The Art of Being Happy: From the French of Droz, 'Sur L'art D'Ítre Heureuse'; in a Series of Letters from a Father to His Children: with Observations and Comments

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Carter and Hendee, 1832 - Happiness - 313 pages
 

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Page 306 - Rock-ribbed and ancient as the sun, — the vales Stretching in pensive quietness between ; The venerable woods — rivers that move In majesty, and the complaining brooks That make the meadows green ; and, poured round all, Old Ocean's gray and melancholy waste, — Are but the solemn decorations all Of the great tomb of man.
Page 291 - If a struldbrug happen to marry one of his own kind, the marriage is dissolved of course, by the courtesy of the kingdom, as soon as the younger of the two comes to be fourscore ; for the law thinks it a reasonable indulgence, that those who are condemned, without any fault of their own, to a perpetual continuance in the world, should not have their miseries doubled by the load of a wife.
Page 292 - Years old. They were the most mortifying Sight I ever beheld, and the Women more horrible than the Men. Besides the usual Deformities in extreme old Age, they acquired an additional Ghastliness in Proportion to their Number of Years, which is not to be described, and among half a Dozen I soon distinguished which was the eldest, although there was not above a Century or two between them.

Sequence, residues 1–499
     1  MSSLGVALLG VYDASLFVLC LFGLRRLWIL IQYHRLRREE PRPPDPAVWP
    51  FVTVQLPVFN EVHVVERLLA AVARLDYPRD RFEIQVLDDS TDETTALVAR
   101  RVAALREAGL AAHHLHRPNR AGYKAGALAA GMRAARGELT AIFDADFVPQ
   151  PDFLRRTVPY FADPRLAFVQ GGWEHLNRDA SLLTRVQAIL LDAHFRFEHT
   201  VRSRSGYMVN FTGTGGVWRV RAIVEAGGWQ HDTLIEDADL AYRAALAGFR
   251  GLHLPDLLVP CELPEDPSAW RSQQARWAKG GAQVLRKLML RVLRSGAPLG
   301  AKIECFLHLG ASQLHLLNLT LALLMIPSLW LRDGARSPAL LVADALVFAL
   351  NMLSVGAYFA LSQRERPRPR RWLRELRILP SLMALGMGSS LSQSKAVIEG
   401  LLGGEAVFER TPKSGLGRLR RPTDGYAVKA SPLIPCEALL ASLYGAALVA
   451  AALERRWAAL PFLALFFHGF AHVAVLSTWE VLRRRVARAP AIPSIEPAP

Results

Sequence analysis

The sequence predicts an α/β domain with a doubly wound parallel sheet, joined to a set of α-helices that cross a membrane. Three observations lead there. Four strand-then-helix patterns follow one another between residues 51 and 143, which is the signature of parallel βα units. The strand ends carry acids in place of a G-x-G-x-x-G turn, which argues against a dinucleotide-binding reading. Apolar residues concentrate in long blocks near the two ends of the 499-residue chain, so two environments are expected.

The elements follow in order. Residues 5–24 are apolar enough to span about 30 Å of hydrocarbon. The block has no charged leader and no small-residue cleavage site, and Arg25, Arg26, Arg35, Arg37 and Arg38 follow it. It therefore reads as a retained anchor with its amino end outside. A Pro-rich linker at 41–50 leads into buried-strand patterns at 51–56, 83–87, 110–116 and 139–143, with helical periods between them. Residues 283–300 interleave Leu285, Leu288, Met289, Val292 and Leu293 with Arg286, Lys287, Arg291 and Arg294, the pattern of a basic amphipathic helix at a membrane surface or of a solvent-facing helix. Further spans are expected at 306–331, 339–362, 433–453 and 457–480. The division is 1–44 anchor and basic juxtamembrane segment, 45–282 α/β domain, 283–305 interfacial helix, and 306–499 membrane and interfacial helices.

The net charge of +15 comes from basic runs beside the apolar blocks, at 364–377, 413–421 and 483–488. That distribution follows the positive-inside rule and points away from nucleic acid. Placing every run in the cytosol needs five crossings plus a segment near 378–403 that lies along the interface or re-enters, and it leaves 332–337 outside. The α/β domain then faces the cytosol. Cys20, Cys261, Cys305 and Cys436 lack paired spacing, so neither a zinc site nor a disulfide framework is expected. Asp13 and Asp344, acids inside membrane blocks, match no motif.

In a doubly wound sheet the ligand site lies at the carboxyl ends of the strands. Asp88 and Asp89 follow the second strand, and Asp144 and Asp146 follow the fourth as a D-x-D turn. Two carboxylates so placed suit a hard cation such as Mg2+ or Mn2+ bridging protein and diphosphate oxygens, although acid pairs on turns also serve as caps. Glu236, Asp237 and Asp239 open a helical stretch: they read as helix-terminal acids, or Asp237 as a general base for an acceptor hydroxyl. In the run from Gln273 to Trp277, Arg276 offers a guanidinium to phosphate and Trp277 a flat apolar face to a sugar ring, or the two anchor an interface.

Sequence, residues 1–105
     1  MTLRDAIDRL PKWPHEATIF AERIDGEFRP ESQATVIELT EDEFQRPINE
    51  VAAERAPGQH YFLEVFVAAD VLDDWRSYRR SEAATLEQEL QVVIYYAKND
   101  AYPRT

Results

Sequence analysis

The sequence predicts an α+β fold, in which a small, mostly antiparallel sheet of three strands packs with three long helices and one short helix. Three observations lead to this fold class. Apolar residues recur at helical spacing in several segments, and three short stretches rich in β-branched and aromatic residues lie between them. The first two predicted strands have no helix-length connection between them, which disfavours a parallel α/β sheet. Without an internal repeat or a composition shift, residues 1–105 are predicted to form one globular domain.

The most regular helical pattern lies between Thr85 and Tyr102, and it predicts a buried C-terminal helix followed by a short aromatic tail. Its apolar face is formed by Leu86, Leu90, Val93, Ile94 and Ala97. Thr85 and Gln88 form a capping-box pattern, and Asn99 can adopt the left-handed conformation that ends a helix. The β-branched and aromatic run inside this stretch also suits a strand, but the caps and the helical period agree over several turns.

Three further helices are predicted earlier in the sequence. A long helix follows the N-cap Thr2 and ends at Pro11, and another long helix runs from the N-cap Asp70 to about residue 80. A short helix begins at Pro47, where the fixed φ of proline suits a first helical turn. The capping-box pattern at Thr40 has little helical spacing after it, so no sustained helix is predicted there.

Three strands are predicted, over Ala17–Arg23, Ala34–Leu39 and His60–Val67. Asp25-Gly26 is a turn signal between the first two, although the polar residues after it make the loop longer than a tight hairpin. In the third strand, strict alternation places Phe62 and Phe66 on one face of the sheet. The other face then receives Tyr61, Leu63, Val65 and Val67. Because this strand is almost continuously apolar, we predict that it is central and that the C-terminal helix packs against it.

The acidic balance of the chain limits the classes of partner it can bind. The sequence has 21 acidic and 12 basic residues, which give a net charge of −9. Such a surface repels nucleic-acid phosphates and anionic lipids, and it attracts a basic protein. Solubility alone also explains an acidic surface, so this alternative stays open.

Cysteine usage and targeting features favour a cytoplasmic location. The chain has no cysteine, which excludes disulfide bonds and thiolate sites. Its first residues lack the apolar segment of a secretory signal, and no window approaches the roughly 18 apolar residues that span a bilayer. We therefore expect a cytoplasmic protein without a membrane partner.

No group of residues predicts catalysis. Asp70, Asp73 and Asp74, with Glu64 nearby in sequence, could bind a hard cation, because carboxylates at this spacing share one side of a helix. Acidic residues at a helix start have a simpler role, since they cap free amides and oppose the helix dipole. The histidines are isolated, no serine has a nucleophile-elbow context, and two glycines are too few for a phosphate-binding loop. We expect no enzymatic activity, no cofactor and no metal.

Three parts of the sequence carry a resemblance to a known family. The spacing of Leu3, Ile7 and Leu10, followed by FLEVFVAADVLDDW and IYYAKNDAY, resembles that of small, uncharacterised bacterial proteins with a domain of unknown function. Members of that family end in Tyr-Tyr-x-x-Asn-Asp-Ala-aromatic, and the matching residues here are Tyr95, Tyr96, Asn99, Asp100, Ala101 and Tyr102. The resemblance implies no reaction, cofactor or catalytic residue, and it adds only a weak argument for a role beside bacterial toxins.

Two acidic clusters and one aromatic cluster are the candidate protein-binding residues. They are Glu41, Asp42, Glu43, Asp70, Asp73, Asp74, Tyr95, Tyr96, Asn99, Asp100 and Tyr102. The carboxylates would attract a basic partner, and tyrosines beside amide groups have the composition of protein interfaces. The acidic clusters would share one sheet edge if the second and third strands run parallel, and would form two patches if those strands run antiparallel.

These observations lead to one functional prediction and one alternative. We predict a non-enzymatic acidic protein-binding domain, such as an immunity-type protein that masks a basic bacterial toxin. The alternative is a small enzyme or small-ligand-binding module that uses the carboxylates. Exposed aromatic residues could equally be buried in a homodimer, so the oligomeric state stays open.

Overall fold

Page 267 - Ah why, dear youth, in all the blooming prime Of vernal genius, where disclosing fast Each active worth, each manly...
Page 291 - For the same reason, they can never amuse themselves with reading, because their memory will not serve to carry them from the beginning of a sentence to the end; and by this defect they are deprived of the only entertainment whereof they might otherwise be capable.
Page 290 - This he learned from their own confession ; for otherwise there not being above two or three of that species born in an age, they were too few to form a general observation by. When they came to fourscore years, which is reckoned the extremity of living in this country, they had not only all the follies and infirmities of other old men, but many more which arose from the dreadful prospect of never dying.
Page 291 - Envy, and impotent desires, are their prevailing passions. But those objects against which their envy seems principally directed, are the vices of the younger sort, and the deaths of the old. By reflecting on the former, they find themselves cut off from all possibility of pleasure ; and whenever they see a funeral, they lament and repine that others are gone to a harbour of rest, to which they themselves never can hope to arrive.
Page 292 - The reader will easily believe, that from. what I had heard and seen, my keen appetite for perpetuity of life, was much abated. I grew heartily ashamed of the pleasing visions I; had formed ; and thought no tyrant could invent a death, into which I would not run with pleasure, from such a life.
Page 276 - And darkness and doubt are now flying away, No longer I roam in conjecture forlorn. So breaks on the traveller, faint, and astray, The bright and the balmy effulgence of morn. See Truth, Love, and Mercy, in triumph descending, And nature all glowing in Eden's first bloom! On the cold cheek of Death smiles and roses are blending, And Beauty immortal awakes from the tomb.
Page 287 - I pity the man who can travel from Dan. to Beersheba, and cry, 'Tis all barren and so it is; and so is all the world to him, who will not cultivate the fruits it offers.

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